The federal environment provides a unique set of opportunities and constraints for service delivery by government agencies. Arrangements for official statistics present a good example of this with both levels of government involved as both providers of information and users of the outputs.
In a federal system there is a high level of interdependence between levels of government with respect to statistics. National statistical agencies rely on inputs derived from regional government administrative systems for production of a range of statistics including estimates of population as well as data on health, education and justice issues. Similarly, regional governments rely on use of subsets of national data sets for regional information which is of uniform standard and comparable with data for other regions.
A system is needed which ensures that government agencies at each level have access to the data they use for planning and monitoring functions while minimising duplication. Achievement of this raises a number of issues regarding the relationships between national and subnational government agencies involved in production of statistical information which require resolution.
This thesis endeavours to establish whether a workable national statistical system can be established in a federal environment. It will examine the issues which arise from this aim, suggest approaches which deal with those issues and test those approaches by comparing them with practices which have been adopted in Canada and Australia. The constant factor in this exercise is the universally accepted requirement for a national statistical system.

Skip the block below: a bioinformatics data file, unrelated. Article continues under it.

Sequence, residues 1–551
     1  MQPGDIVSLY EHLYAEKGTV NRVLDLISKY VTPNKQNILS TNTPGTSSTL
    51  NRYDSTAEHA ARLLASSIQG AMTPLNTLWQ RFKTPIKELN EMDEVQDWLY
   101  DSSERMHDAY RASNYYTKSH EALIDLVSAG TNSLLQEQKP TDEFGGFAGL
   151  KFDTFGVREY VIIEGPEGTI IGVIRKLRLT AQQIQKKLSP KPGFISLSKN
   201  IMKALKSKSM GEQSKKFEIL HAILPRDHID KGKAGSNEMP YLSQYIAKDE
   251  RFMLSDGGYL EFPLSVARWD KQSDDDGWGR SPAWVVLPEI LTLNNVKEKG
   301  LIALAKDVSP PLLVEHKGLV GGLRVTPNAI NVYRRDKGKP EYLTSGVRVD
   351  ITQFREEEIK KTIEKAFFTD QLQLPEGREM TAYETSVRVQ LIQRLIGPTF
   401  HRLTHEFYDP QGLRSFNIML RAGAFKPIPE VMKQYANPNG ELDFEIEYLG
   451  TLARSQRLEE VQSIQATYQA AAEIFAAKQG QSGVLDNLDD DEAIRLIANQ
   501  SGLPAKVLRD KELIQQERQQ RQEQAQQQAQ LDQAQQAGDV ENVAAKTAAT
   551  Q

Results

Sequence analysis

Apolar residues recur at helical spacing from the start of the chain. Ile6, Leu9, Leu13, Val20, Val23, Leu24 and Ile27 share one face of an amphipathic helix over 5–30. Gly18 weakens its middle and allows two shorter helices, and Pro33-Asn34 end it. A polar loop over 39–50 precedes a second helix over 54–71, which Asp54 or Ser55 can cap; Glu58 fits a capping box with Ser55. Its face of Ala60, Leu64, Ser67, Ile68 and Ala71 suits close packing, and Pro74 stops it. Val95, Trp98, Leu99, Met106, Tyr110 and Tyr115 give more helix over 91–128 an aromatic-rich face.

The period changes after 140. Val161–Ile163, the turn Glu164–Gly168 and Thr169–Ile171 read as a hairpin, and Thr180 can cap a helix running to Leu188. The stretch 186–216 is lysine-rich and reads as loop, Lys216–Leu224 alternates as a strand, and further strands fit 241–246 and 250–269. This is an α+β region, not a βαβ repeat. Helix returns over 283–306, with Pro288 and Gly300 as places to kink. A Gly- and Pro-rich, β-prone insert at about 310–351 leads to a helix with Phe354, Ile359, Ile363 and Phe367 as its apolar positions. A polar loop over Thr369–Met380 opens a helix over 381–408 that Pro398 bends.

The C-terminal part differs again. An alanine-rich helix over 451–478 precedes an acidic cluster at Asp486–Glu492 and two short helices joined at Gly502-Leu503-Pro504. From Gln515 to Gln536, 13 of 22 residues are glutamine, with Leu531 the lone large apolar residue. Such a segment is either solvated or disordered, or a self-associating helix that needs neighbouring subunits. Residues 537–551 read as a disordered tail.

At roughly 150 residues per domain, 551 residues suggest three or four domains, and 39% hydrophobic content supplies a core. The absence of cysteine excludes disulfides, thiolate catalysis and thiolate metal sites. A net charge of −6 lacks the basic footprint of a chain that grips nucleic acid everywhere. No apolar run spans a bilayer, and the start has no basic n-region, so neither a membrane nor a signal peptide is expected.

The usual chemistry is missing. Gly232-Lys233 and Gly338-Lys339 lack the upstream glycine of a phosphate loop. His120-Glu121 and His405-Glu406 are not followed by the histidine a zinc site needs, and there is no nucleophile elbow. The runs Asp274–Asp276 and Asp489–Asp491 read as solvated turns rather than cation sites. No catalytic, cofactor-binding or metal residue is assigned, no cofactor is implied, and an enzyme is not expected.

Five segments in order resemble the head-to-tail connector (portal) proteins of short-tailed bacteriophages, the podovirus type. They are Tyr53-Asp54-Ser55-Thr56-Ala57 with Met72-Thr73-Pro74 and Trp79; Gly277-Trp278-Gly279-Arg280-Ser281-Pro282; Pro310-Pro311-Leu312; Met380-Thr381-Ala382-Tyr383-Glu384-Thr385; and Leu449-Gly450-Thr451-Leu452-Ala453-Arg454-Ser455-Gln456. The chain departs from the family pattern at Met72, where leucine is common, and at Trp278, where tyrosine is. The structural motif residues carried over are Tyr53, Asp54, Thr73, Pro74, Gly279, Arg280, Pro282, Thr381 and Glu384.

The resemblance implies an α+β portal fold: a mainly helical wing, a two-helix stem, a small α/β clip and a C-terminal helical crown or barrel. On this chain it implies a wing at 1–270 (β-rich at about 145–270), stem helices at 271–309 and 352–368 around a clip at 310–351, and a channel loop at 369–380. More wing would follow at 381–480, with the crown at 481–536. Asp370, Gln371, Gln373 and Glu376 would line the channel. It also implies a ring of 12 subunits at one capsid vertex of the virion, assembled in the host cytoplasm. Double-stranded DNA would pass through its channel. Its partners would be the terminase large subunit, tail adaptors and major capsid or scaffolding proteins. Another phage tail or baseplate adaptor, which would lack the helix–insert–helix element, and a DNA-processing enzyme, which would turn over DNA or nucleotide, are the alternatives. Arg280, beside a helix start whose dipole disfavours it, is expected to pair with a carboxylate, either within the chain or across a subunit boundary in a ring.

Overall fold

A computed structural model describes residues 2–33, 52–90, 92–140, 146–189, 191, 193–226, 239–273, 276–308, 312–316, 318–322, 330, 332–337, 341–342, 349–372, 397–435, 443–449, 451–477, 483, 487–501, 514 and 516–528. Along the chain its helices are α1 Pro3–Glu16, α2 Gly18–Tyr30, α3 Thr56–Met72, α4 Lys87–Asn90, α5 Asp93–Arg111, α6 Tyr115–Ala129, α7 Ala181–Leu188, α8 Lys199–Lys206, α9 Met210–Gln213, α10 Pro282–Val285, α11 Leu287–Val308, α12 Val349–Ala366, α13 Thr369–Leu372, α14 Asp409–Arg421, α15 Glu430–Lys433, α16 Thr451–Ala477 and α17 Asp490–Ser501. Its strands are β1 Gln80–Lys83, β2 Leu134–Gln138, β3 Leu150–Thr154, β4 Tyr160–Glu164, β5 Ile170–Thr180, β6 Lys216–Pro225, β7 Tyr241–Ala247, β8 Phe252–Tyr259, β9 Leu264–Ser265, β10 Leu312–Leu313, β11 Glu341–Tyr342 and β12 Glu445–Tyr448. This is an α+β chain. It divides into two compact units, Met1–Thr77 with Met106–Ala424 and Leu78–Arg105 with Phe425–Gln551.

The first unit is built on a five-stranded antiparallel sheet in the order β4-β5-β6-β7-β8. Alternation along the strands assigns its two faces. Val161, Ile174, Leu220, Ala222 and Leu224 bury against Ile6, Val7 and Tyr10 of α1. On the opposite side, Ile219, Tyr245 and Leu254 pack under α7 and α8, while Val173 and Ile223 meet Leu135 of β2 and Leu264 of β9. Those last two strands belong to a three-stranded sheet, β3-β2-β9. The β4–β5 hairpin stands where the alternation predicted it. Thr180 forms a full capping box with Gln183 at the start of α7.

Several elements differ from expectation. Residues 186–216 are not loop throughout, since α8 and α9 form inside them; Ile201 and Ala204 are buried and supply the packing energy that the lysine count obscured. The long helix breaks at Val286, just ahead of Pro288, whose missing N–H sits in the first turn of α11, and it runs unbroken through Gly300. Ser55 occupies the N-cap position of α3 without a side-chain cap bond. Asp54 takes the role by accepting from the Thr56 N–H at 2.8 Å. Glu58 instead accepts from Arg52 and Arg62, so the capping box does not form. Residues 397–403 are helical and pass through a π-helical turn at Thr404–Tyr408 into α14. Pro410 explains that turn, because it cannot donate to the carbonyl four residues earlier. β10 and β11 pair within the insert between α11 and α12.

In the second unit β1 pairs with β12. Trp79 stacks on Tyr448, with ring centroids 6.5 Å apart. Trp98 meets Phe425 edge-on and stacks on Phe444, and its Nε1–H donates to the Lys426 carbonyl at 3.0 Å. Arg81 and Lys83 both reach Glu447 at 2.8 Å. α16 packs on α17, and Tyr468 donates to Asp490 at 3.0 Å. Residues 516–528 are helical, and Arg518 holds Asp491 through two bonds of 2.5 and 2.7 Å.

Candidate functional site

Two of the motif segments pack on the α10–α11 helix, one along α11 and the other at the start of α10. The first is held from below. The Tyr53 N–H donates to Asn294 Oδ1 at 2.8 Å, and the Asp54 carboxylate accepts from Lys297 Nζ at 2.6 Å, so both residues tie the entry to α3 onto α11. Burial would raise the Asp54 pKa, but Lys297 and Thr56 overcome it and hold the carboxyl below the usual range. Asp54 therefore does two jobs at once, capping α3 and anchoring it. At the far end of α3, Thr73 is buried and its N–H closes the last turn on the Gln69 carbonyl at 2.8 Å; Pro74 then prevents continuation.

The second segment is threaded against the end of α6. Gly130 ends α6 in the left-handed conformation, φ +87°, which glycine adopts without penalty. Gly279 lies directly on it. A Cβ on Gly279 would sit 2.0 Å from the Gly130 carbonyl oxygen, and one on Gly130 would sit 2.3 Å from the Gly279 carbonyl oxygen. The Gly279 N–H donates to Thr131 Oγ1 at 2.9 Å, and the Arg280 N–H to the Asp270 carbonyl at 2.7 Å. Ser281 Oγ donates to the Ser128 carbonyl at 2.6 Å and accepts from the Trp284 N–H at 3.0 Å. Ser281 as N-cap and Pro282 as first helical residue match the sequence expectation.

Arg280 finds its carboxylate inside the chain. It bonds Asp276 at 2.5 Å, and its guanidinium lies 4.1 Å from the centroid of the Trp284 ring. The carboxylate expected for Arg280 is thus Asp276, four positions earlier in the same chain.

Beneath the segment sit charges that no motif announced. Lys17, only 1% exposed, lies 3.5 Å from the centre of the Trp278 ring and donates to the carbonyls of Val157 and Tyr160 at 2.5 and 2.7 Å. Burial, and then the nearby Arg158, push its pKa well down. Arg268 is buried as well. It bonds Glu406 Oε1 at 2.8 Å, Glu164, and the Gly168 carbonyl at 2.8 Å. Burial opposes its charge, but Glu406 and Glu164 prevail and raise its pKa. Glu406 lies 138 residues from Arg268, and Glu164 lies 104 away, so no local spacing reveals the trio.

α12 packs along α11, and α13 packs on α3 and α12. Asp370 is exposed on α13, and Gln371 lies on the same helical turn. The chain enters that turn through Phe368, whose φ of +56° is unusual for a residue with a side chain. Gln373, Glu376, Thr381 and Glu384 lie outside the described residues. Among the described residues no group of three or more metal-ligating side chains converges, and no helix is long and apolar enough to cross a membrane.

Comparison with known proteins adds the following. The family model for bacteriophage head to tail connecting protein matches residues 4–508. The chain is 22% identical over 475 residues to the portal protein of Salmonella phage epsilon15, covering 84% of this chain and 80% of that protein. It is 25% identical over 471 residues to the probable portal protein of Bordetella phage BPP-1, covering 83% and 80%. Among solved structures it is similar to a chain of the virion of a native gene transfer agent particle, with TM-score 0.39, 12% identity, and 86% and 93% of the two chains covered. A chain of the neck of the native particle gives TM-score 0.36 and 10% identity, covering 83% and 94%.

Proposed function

There is a body of literature which deals with the requirements of national statistical systems. The literature, however, deals primarily with the nature and structure of national statistical agencies and provides little guidance for meeting the unique requirements of a federal environment. This thesis is concerned with the relationships between governments and specifically, the agencies within those governments which are involved in production of official statistics.
It is taken as given that each level of government has the capability of maintaining an adequately resourced statistical agency and that those agencies, where they exist, are appropriately structured and resourced to fulfil their role. This thesis is concerned with the way those agencies can work together to form a national statistical system.
Nine issues are identified which need to be dealt with in order to establish a workable national statistical system in a federal environment. These are: power to collect data, confidentiality, access to data, uniformity, avoidance of duplication, allocation of functional responsibility, allocation of costs, setting of priorities and capacity for review.
Approaches are suggested for dealing with each of those issues. These approaches together comprise a system whose elements are compared with approaches adopted in Australia and Canada to determine whether or not such a system is viable.
The system meets the requirements of a national statistical system and is revealed by the comparisons to be not incompatible with the federal environment as each of the mechanisms proposed has been implemented at least in part in either country. Several of the informal characteristics of federalism may however cause some difficulties in implementation of any system which requires coordinated action by a national government and a number of subnational governments.